The movie ambles along, playing out tired gags. One sequence centers on a corpse-snatching escapade (the students need another cadaver, after all). Corpse-snatching is sure-fire comedy, as we all know.

And writer-director Harvey Miller tries to develop a heart-warming subplot, as the students steal medicine to help a group of poor villagers whom Arkin denies assistance. It meshes with the low-comedy med-school antics about as well as you’d expect.

All in all, Bad Medicine is just another space-filler as the studios wait for the Christmas movies to open. As such it can be pretty easily ignored, which is the suggestion from this corner.

First published in the Herald, November 28, 1985

Steve Guttenberg and Julie Hagerty—funny, you’d think it was a can’t-miss Eighties comedy. All right, possibly not. Harvey Miller was an old school comedy guy with lots of experience in sitcoms but not much luck, it seems, in directing pictures; he got Oscar-nominated for co-writing Private Benjamin. Julie Kavner and Gilbert Gottfried are in the cast, and, oddly, so is Allan Corduner, who played Sullivan in Topsy Turvy.

Top Gun

August 17, 2011

Cruise and the flag: the future of movies

Top Gun has all the earmarks of a summer blockbuster. It has glitz, it has stars, it has high technology, it has the new patriotism (or is that the old xenophobia?). Every little element seems calculated to produce a true-blue audience-pleaser.

Doubtless it will please audiences. But there may be too many earmarks. Somewhere within the yards of shiny jet fighters and the approximately 1,095 close-ups of sweat-drenched faces, somebody forgot to make a movie—a movie, at any rate, with anything like a sense of recognizable life.

The brainchild of those packaging wizards, Paramount producers Don Simpson and Jerry Bruckheimer (Flashdance, Beverly Hills Cop), Top Gun is the story of a Navy pilot (Tom Cruise) who enters an elite flying program called Top Gun. He’s obsessed with being the best there is and he’s willing to break the rules to do it.

At the program, he attracts the rivalry of a fellow hotshot (Val Kilmer), the fatherly interest of the school’s commanding officer (Tom Skerritt), and the non-fatherly interest of a knockout instructor (Kelly McGillis, late of Witness).

Most of these relationships are programmed to fulfill their particular niche in the story, as is Cruise’s friendship with his goofily likable Radar Intercept Officer (Anthony Edwards)—that’s the guy who sits behind him in the F-14. Edwards serves much the same—no, make that exactly the same—function that the David Keith character served for Richard Gere in An Officer and a Gentleman.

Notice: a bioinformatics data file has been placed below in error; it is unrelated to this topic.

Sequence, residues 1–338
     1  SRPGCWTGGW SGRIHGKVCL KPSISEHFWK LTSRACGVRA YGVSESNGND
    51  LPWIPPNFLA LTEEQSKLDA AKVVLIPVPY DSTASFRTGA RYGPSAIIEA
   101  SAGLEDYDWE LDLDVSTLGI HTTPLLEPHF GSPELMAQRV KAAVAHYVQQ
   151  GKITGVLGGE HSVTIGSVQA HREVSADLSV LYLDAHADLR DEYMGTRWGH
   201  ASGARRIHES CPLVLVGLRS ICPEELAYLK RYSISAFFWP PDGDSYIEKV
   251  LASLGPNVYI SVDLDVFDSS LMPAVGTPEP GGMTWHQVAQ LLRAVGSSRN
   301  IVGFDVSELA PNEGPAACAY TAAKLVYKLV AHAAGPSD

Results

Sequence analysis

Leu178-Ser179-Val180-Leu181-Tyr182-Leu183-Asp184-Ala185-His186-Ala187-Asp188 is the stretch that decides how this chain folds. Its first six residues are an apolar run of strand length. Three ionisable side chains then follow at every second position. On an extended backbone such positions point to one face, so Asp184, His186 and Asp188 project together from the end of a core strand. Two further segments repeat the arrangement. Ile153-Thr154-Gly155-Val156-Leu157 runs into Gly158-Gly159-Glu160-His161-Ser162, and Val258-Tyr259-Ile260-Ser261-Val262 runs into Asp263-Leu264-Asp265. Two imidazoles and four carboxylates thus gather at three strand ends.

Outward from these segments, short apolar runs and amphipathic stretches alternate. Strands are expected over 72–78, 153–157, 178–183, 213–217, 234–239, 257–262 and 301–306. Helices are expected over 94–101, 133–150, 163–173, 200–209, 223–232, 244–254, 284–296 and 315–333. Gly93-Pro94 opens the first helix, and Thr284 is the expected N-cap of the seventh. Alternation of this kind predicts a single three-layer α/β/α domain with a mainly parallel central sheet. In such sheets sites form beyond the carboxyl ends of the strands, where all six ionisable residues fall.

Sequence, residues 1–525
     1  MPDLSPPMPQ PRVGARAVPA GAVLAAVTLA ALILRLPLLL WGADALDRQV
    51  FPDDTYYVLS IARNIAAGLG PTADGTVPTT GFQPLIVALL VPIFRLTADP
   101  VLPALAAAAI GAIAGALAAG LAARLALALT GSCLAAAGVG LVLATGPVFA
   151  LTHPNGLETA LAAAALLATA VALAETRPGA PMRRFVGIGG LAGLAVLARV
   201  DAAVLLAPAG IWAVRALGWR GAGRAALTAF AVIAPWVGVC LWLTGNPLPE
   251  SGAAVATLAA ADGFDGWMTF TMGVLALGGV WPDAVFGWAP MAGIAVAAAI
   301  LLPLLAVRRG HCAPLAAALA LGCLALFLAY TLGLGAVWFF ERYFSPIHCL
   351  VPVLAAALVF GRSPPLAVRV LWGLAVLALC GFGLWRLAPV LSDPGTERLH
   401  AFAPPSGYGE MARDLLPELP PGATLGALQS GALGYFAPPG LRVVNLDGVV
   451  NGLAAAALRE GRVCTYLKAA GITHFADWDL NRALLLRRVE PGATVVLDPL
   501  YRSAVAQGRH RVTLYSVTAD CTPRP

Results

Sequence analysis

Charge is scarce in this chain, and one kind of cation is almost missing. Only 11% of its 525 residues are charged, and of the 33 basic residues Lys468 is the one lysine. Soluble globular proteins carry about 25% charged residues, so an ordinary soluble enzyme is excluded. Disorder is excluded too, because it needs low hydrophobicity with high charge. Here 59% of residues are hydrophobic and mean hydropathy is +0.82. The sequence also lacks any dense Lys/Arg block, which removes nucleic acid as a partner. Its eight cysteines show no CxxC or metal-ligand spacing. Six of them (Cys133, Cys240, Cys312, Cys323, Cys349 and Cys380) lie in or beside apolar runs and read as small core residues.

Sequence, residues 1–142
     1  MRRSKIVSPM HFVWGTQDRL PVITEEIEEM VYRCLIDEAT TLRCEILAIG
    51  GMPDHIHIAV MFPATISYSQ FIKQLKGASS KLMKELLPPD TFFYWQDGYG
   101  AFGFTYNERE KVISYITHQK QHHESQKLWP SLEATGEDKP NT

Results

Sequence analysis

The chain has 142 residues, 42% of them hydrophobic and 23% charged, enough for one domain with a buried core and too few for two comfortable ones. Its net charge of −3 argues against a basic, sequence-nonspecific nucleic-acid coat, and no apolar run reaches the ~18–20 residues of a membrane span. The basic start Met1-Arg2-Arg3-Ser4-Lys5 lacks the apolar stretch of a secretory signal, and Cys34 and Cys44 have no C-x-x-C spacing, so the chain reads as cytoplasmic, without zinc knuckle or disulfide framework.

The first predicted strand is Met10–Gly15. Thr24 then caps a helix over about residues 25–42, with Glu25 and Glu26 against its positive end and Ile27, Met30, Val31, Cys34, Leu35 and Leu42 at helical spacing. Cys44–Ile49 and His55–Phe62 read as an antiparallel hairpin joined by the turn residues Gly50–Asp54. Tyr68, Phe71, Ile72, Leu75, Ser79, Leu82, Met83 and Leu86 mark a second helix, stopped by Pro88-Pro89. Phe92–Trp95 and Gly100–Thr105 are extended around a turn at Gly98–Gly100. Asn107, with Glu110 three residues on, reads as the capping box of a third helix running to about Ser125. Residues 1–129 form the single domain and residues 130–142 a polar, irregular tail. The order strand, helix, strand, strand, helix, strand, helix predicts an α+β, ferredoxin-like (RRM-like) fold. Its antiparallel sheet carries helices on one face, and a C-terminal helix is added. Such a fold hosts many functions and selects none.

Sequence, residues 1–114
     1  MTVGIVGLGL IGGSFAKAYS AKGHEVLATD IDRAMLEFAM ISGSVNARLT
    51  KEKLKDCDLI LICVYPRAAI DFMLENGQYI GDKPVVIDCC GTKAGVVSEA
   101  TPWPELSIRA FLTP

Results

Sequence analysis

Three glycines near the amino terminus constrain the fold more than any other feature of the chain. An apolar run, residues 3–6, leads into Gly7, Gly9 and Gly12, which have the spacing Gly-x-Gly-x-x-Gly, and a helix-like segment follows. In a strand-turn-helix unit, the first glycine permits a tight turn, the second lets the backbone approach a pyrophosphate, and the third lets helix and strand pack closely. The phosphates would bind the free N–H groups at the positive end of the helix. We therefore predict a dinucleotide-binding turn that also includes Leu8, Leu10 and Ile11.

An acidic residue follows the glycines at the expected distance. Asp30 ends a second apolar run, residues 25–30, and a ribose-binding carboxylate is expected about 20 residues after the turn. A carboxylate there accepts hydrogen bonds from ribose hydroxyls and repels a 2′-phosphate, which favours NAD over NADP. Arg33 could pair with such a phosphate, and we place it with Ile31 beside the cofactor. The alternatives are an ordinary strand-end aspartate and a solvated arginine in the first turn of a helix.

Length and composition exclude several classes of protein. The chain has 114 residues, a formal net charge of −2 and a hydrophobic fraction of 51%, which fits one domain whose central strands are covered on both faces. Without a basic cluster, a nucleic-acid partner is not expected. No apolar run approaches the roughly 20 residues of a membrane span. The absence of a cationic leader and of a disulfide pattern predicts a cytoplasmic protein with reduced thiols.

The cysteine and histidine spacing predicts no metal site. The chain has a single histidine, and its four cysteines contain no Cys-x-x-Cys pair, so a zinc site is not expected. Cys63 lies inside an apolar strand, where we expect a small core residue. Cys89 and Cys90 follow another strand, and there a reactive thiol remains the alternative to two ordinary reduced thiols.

In fact, the screenplay for that film might have served as the blueprint for Top Gun, so familiar are the new film’s plot turns. The big difference is in directorial style. Where An Officer and a Gentleman was straightforward and traditional, Top Gun is full of diffused light, screeching Dolby, and high-powered techno-sheen.

This comes courtesy of British director Tony Scott, whose first film, The Hunger, also was marked by irritating visual tics. Scott is undeniably nervy with the aerial battles, which include a couple of encounters with Soviet MiGs.

But he can’t shoot a simple scene of people talking without turning it into a battle of close-ups. This insistent style becomes oppressive, and shuts down whatever life the actors might have provided. I can think of only one scene, when Cruise and McGillis share a dinner and listen to Otis Redding’s “Dock of the Bay,” when the human element enters. When Scott labors to inject some humanity, as when Edwards (who displays some nice comic flair) and Cruise jam on “Great Balls of Fire,” it’s forced.

Having said all this, I have to admit that there are sequences in Top Gun that are entertaining. Most of the dogfight stuff is engrossing, even through there’s a consistent problem with knowing who’s who in the sky.

But Top Gun really reminded me of Short Circuit, last week’s supposed early summer blockbuster. Both seem wholly derivative of past successes, and overwhelmingly mechanical in their appeal. If they are any indication of the ’86 summer season, we are in for a long dry spell.